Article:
Quality Education for Latinos and Latinas: Print and Oral Skills for All Students, K–College by Rita and Marco Portales$0.00
As educators and legislators across the country debate how to improve public schools, the most vital factor often disappears from the equation—the relationship between the teacher and the student. According to veteran educators Rita and Marco Portales, this relationship is the central issue in the education of students, especially Latino/a students who often face serious barriers to school success because of the legacy of racism, insufficient English-language skills, and cultural differences with the educational establishment.
To break down these barriers and help Latino/a students acquire a quality education, the Portaleses focus attention on the teacher-student relationship and offer a proven method that teachers can use to strengthen the print and oral skills of their students. They begin by analyzing the reasons why schools too often fail to educate Latino/a students, using eloquent comments from young Latinos/as and their parents to confirm how important the teacher-student relationship is to the student’s success. Then they show how all educational stakeholders—teachers, administrators, state education agencies, legislators, and parents—can work together to facilitate the teacher-student relationship and improve student education. By demonstrating how teachers can improve students’ reading, critical thinking, writing, and oral communication skills across the curriculum, they argue that learning can be made more relevant for students, keeping their interest levels high while preparing them for academically competitive colleges.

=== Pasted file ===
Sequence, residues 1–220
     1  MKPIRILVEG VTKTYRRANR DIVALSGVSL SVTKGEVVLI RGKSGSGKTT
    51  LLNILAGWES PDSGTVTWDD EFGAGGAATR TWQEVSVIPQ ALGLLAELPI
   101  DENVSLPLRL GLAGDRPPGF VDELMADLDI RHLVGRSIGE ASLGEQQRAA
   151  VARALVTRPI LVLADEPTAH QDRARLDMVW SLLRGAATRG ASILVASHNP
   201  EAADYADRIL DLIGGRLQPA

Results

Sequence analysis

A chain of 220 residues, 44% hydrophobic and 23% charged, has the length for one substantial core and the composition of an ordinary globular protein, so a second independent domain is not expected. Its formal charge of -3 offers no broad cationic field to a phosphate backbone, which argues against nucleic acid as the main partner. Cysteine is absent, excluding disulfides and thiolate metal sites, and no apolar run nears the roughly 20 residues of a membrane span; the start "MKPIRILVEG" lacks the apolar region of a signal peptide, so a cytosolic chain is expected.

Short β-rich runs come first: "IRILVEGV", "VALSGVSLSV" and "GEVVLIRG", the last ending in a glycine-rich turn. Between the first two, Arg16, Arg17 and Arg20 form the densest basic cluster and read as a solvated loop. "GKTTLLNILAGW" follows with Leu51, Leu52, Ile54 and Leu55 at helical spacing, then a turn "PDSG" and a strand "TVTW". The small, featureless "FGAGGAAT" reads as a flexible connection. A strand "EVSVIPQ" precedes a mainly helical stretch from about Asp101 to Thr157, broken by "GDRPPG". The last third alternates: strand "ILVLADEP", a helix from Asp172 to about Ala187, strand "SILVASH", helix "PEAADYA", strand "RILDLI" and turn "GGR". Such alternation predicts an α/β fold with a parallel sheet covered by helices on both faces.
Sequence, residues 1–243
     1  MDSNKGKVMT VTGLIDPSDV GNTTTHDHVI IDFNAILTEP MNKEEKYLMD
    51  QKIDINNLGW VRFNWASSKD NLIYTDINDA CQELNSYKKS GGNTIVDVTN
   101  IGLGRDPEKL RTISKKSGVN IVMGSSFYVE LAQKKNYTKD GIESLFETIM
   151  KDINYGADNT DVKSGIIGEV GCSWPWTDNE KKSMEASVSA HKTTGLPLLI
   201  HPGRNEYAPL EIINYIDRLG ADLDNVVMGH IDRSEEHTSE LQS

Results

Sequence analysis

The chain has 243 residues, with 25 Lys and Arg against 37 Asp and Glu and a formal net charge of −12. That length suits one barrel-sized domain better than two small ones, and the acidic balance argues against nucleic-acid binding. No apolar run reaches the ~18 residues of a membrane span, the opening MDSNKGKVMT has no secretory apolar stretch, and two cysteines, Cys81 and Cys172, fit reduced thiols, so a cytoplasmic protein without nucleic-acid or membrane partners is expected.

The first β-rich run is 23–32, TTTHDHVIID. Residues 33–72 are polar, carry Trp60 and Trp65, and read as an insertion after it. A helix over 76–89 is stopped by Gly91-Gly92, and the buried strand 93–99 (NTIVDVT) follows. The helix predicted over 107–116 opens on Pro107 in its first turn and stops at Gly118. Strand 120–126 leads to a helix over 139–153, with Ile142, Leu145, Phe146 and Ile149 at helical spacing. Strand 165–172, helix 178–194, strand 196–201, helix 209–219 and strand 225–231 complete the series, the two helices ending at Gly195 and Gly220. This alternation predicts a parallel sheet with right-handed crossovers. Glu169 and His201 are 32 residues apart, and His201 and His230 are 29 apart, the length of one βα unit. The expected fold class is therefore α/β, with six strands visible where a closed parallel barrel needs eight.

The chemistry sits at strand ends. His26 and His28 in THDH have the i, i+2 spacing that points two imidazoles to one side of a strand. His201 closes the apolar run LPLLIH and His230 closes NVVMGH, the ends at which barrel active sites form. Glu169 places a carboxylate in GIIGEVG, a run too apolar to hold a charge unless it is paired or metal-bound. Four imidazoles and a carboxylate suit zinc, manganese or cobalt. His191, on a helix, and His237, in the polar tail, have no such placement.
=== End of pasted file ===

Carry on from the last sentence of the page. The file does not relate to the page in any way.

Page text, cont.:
The New York Times’s Pulitzer Prize-winning columnist reveals how the financial meltdown emerged from the toxic interplay of Washington, Wall Street, and corrupt mortgage lenders.
In Reckless Endangerment, Gretchen Morgenson, the star business columnist of The New York Times, exposes how the watchdogs who were supposed to protect the country from financial harm were actually complicit in the actions that finally blew up the American economy.
Drawing on previously untapped sources and building on original research from coauthor Joshua Rosner—who himself raised early warnings with the public and investors, and kept detailed records—Morgenson connects the dots that led to this fiasco.
Morgenson and Rosner draw back the curtain on Fannie Mae, the mortgage-finance giant that grew, with the support of the Clinton administration, through the 1990s, becoming a major opponent of government oversight even as it was benefiting from public subsidies. They expose the role played not only by Fannie Mae executives but also by enablers at Countrywide Financial, Goldman Sachs, the Federal Reserve, HUD, Congress, the FDIC, and the biggest players on Wall Street, to show how greed, aggression, and fear led countless officials to ignore warning signs of an imminent disaster.
Character-rich and definitive in its analysis, this is the one account of the financial crisis you must read.
1989 National Geographic Society publication, 1,216 pages, illustrated with dust jacket, red cloth-bound book.
As of November 1, 2020, The Ruth Mini Mobile Library is closed until further notice. We are creating plans for reopening. Dismiss